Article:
• Is in preschool! After some separation anxiety, he has taken to it like a champ. He constantly recites the names of his friends there and has magically acquired the ability to pick up after himself. I love his snazzy trick for putting on his backpack by flipping it over his head. Kid is charming and quite independent. I’m always trying to sneak in cuddles and kisses, but he likes to tell me he’s too busy.
  • Is not really potty-trained, but we’re trying. He’s in undies almost always (or naked, his preferred outfit) and some days are fantastically dry, others full of accidents. At least it’s summer and he’s usually game to pee on a tree.
  • Has two speeds: fast and crash. Last month he had to get stitches after jumping on the bed went awry. And then he fell off the step a week later and busted it open AGAIN. His moms are quite nervous now about tumbles.
  • Is almost weaned. Uno has no more milk as of recently. He still likes to check daily. “Mommy, I’m just going to check,” he’ll say. He still wants it to go to sleep and to wake up, even without the milk itself, and Uno is patiently letting him slowly adjust to not having it. It’s resulted in a spike of Mommy clinginess. We’re both tired of hearing “Mommy Mommy Mommy” all the time. I’m mostly, pretty much, not taking it personally, but I’ll admit I look forward to the day when he requests me for something. Uno says that he does sometimes when I’m not around and I believe her. But I think I might need video.
  • No longer naps. He’s done. It has freed up our evenings, given that he sleeps about 7:30 – 7:30 each night, and it has cured him of night wakings. Oh, lord, how I love it. Sometimes we feel guilty, though, when he gets fussy and droopy around 4 or 5 pm and we keep him awake (knowing he could probably use a nap). Also, evenings are a little rushed: dinner-bath-bed has to happen in short order.


  • We are two working women, now! Being financially solvent is definitely a relief. Uno’s job is emotionally draining, and sometimes we discuss her looking for a new one. Being a counselor for traumatized kids / families – you can imagine that some days are hard and hard to leave at work.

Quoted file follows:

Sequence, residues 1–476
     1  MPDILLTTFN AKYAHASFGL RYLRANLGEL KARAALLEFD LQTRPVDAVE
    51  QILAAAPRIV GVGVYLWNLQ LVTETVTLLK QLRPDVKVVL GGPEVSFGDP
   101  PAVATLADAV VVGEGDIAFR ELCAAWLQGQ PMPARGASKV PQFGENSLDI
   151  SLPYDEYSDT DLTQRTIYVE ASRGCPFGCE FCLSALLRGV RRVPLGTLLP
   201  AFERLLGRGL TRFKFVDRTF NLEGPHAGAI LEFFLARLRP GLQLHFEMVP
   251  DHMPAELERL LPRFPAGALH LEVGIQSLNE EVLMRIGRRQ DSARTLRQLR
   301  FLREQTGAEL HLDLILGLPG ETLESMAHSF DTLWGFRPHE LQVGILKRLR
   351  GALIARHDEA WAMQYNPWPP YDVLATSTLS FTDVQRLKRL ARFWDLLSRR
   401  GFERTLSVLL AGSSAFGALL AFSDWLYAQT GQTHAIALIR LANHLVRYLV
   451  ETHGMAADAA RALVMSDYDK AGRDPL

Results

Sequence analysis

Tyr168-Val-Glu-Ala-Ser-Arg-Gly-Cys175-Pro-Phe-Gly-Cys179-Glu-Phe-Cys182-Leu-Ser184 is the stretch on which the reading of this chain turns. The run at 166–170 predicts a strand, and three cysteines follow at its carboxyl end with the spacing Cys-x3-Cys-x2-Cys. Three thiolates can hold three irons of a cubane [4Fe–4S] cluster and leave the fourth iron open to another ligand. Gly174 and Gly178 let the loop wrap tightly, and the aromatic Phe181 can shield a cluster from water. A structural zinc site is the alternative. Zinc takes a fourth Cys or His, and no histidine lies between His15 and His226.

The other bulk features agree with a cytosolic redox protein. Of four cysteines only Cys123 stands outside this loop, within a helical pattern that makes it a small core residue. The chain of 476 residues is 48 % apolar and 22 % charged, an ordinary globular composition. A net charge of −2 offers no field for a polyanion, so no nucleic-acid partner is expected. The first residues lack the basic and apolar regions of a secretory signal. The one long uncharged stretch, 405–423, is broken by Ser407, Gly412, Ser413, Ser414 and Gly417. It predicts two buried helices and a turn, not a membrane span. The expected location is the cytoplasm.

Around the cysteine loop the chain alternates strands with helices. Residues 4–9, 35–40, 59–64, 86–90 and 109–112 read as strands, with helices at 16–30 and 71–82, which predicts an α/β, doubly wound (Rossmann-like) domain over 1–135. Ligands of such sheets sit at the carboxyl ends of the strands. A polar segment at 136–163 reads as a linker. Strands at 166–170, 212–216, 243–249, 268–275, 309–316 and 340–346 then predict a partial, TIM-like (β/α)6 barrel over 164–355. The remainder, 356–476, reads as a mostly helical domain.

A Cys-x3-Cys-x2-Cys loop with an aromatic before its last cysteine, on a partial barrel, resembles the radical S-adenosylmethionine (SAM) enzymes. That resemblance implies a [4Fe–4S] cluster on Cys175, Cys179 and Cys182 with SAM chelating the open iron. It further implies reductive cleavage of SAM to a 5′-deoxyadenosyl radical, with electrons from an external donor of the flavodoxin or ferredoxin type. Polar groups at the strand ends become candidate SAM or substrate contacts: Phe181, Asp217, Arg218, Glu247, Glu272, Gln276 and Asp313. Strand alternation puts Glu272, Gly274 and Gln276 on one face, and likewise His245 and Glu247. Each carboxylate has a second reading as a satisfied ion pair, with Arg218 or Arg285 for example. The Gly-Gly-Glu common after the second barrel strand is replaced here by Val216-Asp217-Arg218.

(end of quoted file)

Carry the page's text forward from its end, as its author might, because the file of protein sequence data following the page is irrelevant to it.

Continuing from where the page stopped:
• My job, on the other hand, requires almost no emotional investment. It’s a) low stress and b) full of twentysomethings who prefer pinging me via chat rather than talking to me even when we are TWO DESKS AWAY from each other (but are clever, fun and make me laugh). I still look around on occasion and can’t believe this is my life. It’s so different than adjuncting. I can’t even begin. There is a margarita machine in the break room. There is a break room. There is a 401K. It’s pretty soulless, though. I mean, it is. I am not using my powers for good. (It’s ad copy, did I say that?)
  • We continue to help take care of Uno’s grandmother, who has Alzheimer’s. It is a lot of work, but very necessary. Uno has her power of attorney and is the one shouldering most of the planning, calling, finances, legal issues and so on. I worry about her and compassion fatigue, given this and her job.
  • That said, our summer has been full of good friends and beach time, berry picking and visiting. We have been careful with our time, trying to do things that nurture our family, and I’m proud of us for that.
  • Our garden is thriving like never before, just chock full of zucchini and tomatoes and beans and flowers, and it feels like a lovely corollary to our lives.
  • Oh, and I AM GETTING AN ESSAY PUBLISHED IN SALON. It’s a short memoir piece. I can’t believe it, am pretty excited, pretty nervous, grateful, in shock. I’ve had other publications but never so public, so visible.
  • Finally, baby #2 is still very much on our minds, but we put the process on hold until next month or September. I found out that I can have 16 – yes, 16 – weeks of paid leave, but I have to be at this job a calendar year before I qualify. Hence the waiting. It was hard to wait after just one try, but after the first cycle came and went I realized I was relieved, too. Juggling the new job and new childcare configurations and everything else is a balancing act, one that we’re getting better at, but I think TTC would have tipped the scales too much this particular month and last. I’m hopeful that when we start again, my body and I will be more relaxed.